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Nestled the lowly primrose. Childless dames,
And maids that would not raise the reddened eye,
Orphans, from whose young lids the light of joy
Fled early,—silent lovers, who had given
All that they lived for to the arms of earth,
Came often, o'er the recent graves, to strew
Their offerings, rue, and rosemary, and flowers.
The pilgrim bands who passed the sea to keep
Their Sabbaths in the eye of God alone,
In his wide temple of the wilderness,
Brought not these simple customs of the heart
With them. It might be, while they laid their dead
By the vast solemn skirts of the old groves,
AJnd the fresh virgin soil poured forth strange flowers
About their graves; and the familiar shades
Of their own native isle, and wonted blooms,
And herbs were wanting, which the pious hand
Might plant or scatter there, these gentle rites
Passed out of use. Now they are scarcely known,
And rarely in our borders may you meet
The tall larch, sighing in the burying-place,
Or willow, trailing low its boughs to hide
The gleaming marble. Naked rows of graves
And melancholy ranks of monuments,
Are seen instead, where the coarse grass, between,
Shoots up its dull green spikes, and in the wind
Hisses, and the neglected bramble nigh,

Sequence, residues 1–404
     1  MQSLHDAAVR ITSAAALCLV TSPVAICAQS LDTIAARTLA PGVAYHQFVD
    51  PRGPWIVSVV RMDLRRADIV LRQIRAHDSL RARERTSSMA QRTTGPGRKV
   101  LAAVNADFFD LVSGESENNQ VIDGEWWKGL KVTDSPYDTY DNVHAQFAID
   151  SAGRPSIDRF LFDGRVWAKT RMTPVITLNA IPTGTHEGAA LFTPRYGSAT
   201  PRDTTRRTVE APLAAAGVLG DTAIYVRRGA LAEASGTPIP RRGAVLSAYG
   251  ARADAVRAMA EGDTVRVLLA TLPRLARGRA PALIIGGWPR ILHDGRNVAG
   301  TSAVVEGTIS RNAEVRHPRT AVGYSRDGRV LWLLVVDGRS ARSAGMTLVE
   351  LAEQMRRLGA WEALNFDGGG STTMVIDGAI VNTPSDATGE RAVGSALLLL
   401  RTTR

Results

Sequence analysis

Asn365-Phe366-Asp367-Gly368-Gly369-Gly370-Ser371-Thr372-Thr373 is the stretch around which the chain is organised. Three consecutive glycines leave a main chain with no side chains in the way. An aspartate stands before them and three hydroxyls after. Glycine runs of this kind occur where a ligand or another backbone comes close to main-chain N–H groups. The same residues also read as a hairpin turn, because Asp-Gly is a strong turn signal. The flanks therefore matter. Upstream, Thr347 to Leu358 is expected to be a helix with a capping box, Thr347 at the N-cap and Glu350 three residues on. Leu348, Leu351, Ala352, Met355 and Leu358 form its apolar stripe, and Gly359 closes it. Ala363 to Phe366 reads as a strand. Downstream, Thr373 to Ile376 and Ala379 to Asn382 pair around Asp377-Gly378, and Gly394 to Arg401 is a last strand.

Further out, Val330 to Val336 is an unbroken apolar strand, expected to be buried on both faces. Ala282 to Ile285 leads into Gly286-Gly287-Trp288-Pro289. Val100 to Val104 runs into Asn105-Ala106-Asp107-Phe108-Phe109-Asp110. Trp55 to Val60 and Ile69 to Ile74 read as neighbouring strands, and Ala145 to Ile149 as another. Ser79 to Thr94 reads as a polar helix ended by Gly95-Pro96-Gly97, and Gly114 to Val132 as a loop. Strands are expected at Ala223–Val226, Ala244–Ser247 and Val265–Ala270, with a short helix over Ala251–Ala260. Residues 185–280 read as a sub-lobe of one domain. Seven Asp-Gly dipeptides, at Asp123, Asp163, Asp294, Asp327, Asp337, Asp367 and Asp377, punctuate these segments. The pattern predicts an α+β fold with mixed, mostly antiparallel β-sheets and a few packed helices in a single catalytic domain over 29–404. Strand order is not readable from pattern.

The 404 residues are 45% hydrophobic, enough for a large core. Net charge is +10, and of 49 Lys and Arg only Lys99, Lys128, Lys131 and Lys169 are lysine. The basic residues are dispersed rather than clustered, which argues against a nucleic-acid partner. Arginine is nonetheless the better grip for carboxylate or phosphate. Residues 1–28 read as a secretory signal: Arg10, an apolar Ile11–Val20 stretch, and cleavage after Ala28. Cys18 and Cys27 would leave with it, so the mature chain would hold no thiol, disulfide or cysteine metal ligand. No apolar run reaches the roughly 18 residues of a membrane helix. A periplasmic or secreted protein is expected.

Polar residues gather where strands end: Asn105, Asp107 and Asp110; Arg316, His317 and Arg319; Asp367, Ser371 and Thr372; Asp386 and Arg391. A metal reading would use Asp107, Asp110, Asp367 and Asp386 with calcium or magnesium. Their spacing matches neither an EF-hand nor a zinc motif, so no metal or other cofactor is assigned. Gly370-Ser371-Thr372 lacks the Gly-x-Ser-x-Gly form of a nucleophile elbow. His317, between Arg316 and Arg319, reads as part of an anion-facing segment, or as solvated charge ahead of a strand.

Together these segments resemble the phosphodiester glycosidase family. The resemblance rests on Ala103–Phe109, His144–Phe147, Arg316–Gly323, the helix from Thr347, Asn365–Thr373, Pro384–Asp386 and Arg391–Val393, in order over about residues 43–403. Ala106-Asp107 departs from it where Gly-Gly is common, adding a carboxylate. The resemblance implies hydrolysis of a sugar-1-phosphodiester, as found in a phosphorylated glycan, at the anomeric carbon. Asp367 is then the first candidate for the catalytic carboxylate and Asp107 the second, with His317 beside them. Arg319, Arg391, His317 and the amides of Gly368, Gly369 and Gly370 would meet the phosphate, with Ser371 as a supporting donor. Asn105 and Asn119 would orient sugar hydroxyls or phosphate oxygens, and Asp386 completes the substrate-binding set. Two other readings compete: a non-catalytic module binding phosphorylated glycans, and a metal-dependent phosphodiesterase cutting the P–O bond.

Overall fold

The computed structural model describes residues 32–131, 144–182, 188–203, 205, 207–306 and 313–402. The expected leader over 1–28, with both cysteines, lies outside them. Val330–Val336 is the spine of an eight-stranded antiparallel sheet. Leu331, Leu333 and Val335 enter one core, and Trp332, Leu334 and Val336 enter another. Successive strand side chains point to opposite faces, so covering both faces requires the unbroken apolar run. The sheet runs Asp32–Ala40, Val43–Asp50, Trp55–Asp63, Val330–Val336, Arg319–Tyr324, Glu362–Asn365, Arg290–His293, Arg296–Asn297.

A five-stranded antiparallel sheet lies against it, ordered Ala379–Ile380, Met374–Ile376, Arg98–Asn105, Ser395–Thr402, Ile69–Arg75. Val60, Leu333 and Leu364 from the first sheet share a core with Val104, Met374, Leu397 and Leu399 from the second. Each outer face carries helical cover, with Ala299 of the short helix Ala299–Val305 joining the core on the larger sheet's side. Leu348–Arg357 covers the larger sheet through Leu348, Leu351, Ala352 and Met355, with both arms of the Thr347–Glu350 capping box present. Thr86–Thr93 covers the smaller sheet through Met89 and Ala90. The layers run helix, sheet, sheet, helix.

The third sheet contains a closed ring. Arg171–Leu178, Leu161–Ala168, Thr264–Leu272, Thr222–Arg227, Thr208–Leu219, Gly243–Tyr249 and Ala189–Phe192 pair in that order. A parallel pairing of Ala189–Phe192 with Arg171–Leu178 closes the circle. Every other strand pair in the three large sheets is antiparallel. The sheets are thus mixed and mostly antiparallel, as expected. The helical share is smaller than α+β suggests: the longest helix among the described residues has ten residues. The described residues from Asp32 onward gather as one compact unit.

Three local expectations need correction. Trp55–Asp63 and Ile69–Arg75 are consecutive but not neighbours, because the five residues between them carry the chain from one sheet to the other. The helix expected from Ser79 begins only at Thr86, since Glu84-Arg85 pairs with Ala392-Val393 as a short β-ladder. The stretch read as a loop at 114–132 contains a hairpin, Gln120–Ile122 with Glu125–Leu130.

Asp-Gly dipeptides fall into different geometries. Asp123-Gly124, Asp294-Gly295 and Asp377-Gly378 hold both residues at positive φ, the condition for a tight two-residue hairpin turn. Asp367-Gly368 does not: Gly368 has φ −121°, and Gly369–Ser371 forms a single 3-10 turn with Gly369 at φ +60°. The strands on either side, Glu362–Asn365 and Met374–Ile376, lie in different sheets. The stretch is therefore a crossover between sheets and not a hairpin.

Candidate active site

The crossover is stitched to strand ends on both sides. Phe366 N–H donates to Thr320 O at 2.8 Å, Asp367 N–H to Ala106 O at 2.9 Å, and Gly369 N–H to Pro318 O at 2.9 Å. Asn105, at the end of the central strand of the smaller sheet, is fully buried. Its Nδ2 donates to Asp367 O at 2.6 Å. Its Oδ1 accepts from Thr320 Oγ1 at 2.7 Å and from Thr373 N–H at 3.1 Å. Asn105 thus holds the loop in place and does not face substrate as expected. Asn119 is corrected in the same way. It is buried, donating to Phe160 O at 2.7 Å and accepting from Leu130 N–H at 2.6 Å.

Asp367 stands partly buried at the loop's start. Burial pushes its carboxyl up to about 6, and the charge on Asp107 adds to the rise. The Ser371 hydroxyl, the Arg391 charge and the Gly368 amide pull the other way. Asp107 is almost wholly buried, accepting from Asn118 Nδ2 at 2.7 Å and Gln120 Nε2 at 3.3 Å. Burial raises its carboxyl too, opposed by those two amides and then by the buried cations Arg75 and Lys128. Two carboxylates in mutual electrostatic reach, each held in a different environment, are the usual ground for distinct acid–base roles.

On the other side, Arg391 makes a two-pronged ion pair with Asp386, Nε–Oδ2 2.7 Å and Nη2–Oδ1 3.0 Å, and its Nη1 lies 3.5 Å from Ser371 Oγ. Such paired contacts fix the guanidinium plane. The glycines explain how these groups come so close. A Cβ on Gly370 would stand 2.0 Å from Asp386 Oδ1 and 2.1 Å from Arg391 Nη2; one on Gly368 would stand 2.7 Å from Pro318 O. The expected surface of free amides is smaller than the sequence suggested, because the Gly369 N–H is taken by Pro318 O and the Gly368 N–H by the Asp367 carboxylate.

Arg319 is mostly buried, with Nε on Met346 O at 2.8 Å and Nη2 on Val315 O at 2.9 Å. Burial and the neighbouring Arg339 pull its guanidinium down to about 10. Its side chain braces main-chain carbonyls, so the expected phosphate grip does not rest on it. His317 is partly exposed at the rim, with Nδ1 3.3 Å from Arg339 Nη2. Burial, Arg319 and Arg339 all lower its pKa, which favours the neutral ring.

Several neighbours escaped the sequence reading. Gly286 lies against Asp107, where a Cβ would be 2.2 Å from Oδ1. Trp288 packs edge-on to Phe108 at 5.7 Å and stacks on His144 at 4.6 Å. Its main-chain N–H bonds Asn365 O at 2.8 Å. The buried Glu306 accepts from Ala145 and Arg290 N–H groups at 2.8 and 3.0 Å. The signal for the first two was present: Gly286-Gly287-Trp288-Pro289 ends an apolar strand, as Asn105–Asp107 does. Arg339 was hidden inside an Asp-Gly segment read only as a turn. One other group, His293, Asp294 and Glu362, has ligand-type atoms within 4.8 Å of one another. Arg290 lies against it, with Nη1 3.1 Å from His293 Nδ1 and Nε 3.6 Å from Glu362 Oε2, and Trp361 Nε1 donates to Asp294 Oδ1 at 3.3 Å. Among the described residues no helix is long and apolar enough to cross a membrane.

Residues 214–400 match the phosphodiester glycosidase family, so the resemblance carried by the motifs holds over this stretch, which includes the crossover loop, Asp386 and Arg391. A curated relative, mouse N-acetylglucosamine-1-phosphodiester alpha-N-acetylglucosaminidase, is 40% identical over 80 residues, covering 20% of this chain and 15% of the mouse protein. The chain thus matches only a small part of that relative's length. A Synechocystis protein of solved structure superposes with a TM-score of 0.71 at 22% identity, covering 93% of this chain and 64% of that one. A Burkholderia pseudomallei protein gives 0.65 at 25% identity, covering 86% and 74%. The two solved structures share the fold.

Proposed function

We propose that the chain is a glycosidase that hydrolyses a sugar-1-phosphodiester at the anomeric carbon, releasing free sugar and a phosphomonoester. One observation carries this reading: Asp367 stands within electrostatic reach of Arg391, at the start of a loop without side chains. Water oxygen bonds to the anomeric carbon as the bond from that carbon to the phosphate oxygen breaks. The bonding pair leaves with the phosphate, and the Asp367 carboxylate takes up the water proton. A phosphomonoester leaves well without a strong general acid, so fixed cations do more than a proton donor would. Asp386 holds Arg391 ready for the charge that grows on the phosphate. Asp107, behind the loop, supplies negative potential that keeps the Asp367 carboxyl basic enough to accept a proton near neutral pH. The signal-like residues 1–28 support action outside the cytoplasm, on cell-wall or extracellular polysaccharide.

Offers its berries to the schoolboy's hand,
In vain—they grow too near the dead. Yet here,
Nature, rebuking the neglect of man,
Plants often, by the ancient mossy stone,
The briar rose, and upon the broken turf
That clothes the fresher grave, the strawberry vine
Sprinkles its swell with blossoms, and lays forth
Her ruddy, pouting fruit.


The Elevated Character of Woman.Carter

The influence of the female character is now felt and acknowledged in all the relations of life. I speak not now of those distinguished women, who instruct their age through the public press. Nor of those whose devout strains we take upon our lips when we worship. But of a much larger class; of those whose influence is felt in the relations of neighbor, friend, daughter, wife, mother.

Who waits at the couch of the sick to administer tender charities while life lingers, or to perform the last acts of kindness when death comes? Where shall we look for those examples of friendship, that most adorn our nature; those abiding friendships, which trust even when betrayed, and survive all changes of fortune? Where shall we find the brightest illustrations of filial piety? Have you ever seen a daughter, herself, perhaps, timid and helpless, watching the decline of an aged parent, and holding out with heroic fortitude to anticipate his wishes, to administer to* his wants, and to sustain his tottering steps to the very borders of the grave?

But in no relation does woman exercise so deep an influence, both immediately and prospectively, as in that of mother. To her is committed the immortal treasure of the infant mind. Upon her devolves the care of the first stages of that course of discipline, which is to form of a being, perhaps, the most frail and helpless in the world, the fearless ruler of animated creation, and the devout adorer of its great Creator.